Upcoming Webinars Archived Webinars Training Vitals Host A Webinar About Get Updates Contact

Mobile App for Opioid Addiction to Support Patient Detoxification



To help support patients undergoing opioid detoxification, researchers at Boston University School of Public Health are developing a multifunctional smartphone app.

Share this!

February 8, 2017 | by Sarah Hand, M.Sc.

While drugs like buprenorphine are very effective at helping to treat opioid addiction, some patients can become dependent on their prescribed treatment, making it difficult for them to ever fully stop using the medication. To help support patients undergoing opioid detoxification, researchers at Boston University School of Public Health are developing a multifunctional smartphone app.

Approximately 1.5 million Americans seek help for their opioid addictions each year, some of whom enroll in a treatment program to overcome heroin or prescription opioid abuse. While treatment options can help these patients discontinue opioid use, few resources exist for those in recovery who wish to come off buprenorphine and other opioid alternatives.

The National Institutes of Health (NIH) recently awarded Dr. Michael Stein, of the Health Law, Policy & Management department at Boston University, and his colleagues at the Worcester Polytechnic Institute (WPI), a $414,000 grant to help develop the app. To help patients manage their detoxification symptoms, the app – named OFFBup – will provide educational and self-monitoring tools.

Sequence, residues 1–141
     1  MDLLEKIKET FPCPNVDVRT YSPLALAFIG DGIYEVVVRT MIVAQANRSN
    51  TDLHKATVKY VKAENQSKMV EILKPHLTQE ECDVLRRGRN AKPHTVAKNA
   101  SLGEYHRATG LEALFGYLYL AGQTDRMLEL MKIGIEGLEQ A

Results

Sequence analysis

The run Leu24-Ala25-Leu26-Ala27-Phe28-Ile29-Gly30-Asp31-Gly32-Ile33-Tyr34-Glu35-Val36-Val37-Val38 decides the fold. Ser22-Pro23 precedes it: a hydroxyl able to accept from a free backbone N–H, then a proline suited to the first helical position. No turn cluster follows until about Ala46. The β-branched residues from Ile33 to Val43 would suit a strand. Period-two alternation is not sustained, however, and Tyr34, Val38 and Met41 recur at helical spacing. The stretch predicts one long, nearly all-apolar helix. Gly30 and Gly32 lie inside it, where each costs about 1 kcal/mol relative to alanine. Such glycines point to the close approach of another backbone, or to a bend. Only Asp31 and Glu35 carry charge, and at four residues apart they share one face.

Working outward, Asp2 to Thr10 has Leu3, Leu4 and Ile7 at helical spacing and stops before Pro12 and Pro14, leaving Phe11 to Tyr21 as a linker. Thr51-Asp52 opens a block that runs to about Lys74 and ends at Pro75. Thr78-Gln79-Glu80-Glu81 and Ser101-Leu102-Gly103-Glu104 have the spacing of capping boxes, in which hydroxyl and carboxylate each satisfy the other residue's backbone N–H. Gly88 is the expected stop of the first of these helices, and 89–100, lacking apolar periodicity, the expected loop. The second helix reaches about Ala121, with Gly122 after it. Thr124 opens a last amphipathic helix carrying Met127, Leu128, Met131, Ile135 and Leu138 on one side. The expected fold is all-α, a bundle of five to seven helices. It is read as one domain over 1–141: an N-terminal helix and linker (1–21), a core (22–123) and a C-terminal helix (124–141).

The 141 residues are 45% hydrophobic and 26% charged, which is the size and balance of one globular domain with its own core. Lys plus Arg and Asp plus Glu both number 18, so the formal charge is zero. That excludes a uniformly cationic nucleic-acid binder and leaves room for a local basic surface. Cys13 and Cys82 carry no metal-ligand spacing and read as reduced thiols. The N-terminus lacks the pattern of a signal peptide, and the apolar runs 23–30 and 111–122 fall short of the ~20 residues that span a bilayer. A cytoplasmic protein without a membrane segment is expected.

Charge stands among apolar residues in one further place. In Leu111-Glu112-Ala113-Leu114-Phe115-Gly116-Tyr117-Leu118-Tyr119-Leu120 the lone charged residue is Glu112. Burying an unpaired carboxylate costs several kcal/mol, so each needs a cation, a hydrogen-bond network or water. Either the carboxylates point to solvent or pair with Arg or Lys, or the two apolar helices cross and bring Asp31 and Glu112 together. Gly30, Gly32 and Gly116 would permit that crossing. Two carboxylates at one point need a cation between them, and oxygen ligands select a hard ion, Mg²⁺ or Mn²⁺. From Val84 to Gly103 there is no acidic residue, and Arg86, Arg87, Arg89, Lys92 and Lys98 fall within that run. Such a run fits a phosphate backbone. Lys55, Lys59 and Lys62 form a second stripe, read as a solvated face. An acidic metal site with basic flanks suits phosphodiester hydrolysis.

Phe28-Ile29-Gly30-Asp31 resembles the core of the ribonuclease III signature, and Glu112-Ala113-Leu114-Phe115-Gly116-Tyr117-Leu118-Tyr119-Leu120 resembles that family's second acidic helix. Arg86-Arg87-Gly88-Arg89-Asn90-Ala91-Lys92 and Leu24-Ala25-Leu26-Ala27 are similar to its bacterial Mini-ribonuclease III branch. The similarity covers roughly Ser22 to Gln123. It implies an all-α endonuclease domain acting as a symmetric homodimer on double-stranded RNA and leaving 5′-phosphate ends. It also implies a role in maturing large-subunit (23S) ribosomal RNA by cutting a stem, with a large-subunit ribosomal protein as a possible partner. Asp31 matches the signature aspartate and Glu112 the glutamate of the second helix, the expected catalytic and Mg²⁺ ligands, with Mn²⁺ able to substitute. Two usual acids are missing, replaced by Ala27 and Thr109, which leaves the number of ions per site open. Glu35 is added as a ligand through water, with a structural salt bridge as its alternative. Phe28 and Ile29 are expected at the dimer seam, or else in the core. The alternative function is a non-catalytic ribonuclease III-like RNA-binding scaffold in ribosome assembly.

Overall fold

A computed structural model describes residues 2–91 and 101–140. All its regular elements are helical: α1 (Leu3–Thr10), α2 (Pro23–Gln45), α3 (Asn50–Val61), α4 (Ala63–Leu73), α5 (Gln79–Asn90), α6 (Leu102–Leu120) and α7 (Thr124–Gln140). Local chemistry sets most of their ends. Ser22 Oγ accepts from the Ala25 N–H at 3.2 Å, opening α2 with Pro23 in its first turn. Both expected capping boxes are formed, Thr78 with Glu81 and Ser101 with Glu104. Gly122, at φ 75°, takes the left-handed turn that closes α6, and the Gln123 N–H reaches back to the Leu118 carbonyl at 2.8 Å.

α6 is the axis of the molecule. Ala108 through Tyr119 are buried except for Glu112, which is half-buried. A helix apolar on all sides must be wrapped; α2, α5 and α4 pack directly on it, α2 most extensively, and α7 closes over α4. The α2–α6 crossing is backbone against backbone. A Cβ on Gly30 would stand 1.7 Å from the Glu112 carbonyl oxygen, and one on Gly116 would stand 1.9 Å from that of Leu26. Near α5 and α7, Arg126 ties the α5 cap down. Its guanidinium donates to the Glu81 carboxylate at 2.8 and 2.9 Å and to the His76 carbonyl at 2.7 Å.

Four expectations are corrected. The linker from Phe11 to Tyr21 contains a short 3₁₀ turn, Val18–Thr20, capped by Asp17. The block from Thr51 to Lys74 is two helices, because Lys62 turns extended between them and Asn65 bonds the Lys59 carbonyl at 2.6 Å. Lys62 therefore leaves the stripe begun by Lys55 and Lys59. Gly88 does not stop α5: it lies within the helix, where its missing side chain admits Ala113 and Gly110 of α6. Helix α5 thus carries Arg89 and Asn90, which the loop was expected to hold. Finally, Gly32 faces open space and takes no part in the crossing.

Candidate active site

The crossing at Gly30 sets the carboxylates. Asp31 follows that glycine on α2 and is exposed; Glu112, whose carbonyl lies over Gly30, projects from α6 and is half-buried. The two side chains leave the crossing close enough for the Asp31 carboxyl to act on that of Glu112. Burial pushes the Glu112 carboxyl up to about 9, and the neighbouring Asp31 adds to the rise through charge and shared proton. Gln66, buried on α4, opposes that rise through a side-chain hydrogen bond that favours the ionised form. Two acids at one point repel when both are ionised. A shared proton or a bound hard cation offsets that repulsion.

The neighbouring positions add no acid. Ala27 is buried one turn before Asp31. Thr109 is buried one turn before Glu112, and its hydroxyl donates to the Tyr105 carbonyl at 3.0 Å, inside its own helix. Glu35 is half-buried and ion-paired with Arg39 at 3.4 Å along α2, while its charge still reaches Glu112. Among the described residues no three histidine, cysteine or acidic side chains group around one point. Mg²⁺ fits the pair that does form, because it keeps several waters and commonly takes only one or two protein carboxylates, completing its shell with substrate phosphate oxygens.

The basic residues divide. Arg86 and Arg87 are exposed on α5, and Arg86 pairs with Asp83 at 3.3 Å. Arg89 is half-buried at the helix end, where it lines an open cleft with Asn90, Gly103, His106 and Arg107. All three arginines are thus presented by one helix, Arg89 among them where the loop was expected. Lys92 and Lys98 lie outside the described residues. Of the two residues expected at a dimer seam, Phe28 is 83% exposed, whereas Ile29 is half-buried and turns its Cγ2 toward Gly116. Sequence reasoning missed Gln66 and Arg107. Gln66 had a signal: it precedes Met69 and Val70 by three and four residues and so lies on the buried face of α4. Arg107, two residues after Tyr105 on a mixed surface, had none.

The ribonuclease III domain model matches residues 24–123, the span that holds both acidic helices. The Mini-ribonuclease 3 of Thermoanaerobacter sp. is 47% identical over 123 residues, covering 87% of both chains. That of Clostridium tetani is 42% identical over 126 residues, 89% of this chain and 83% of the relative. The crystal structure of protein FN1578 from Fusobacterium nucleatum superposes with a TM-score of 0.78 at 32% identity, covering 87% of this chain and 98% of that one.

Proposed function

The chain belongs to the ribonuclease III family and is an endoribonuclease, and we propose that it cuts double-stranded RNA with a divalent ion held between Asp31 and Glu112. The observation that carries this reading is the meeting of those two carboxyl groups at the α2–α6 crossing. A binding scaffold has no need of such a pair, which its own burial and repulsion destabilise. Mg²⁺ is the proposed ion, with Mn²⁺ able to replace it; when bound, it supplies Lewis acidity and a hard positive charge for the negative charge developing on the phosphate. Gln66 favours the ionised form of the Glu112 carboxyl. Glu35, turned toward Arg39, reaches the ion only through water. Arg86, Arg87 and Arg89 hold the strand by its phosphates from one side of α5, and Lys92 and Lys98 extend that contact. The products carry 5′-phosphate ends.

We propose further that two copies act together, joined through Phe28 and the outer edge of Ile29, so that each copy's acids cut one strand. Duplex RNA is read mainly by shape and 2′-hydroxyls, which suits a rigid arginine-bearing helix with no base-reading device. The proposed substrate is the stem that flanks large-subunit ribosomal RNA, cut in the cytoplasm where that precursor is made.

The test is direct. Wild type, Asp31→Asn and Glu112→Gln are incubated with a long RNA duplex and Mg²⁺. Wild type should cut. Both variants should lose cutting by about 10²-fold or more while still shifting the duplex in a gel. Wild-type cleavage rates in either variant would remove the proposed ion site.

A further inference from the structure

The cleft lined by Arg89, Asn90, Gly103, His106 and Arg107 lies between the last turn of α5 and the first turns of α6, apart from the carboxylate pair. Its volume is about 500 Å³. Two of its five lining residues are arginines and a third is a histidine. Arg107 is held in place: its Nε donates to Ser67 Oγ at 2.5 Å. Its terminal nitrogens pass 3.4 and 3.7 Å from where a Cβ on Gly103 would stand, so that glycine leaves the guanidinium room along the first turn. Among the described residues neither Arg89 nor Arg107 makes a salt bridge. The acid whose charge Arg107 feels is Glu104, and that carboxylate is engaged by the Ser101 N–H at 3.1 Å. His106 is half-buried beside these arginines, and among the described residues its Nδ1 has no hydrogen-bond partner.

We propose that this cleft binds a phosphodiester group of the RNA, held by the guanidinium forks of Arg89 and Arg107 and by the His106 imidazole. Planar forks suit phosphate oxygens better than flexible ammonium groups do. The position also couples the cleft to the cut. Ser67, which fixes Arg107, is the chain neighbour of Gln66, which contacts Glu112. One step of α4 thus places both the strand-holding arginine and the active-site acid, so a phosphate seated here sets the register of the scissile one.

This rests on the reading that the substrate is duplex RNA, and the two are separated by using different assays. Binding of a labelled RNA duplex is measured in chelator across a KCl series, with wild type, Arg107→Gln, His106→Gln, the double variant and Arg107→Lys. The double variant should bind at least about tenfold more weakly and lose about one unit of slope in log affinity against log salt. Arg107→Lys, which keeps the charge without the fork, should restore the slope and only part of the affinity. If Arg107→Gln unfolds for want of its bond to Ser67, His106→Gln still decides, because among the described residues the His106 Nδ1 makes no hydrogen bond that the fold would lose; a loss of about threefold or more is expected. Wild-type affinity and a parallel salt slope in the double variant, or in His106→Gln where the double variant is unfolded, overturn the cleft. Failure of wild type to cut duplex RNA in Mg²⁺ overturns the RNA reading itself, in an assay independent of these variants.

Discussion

Patients who have been taking buprenorphine or methadone for long periods of time may benefit from the app’s detoxification timeline, which explains the symptoms of withdrawal and when they can occur. The app’s tracking tool could also keep patients motivated by allowing them to see their progress in the detoxification process.

The research team plans to work with patients who are discontinuing buprenorphine use to develop the app within the first year of the NIH’s two-year grant. Their goal is to get the app into the hands of patients at Butler Hospital in Providence, Rhode Island, in the second year of the project.

According to Stein, the app will be “a resource that patients can access anytime and anywhere. Buprenorphine is an effective treatment, but at a certain point—either out of personal preference, because they no longer want to take a medication, or necessity, because they can't afford it—treatment comes to an end. Because we know there are significant side effects to stopping buprenorphine, we think OFFBup will help people get through these and remain drug-free.”

Keywords: App, Opioids, Addiction


Share this with your colleagues!

Canadian Regulator Recalls Pie Shells Over E. Coli Contaminated Flour

April 28, 2017 - Multiple brands of pie and tart shells are being recalled in Canada after the flour used to manufacture them was linked to 28 cases of illness due to infection with E. coli O121.

Featured In: Food News

FDA Sends Warning Letters to Manufacturers of Fake Cancer Drugs

April 27, 2017 - The FDA is cracking down on the sale of illegal cancer drugs by sending warning letters to 14 US companies selling the unapproved products.

Featured In: Life Science News, Drug Safety News

Womb-Like Device Could Increase Survival of Premature Babies

April 27, 2017 - Researchers at the Children's Hospital of Philadelphia (CHOP) have developed a womb-like device which mimics the environmental conditions found inside the uterus.

Featured In: Life Science News, Medical Device News


What Medical Device Manufacturers Need to Know Before Developing a Biological Safety Evaluation


Technology Solutions for Late Phase Research: Optimising Real World Data Assets

Serialization for Late Starters – With Live Industry Research Results

Clinical Not All Antioxidants Are Created Equal: Astaxanthin, The Antioxidant Powerhouse

The New Gold Standards of IRT Delivery for Clinical Trials

Copyright © 2016-2017 Honeycomb Worldwide Inc.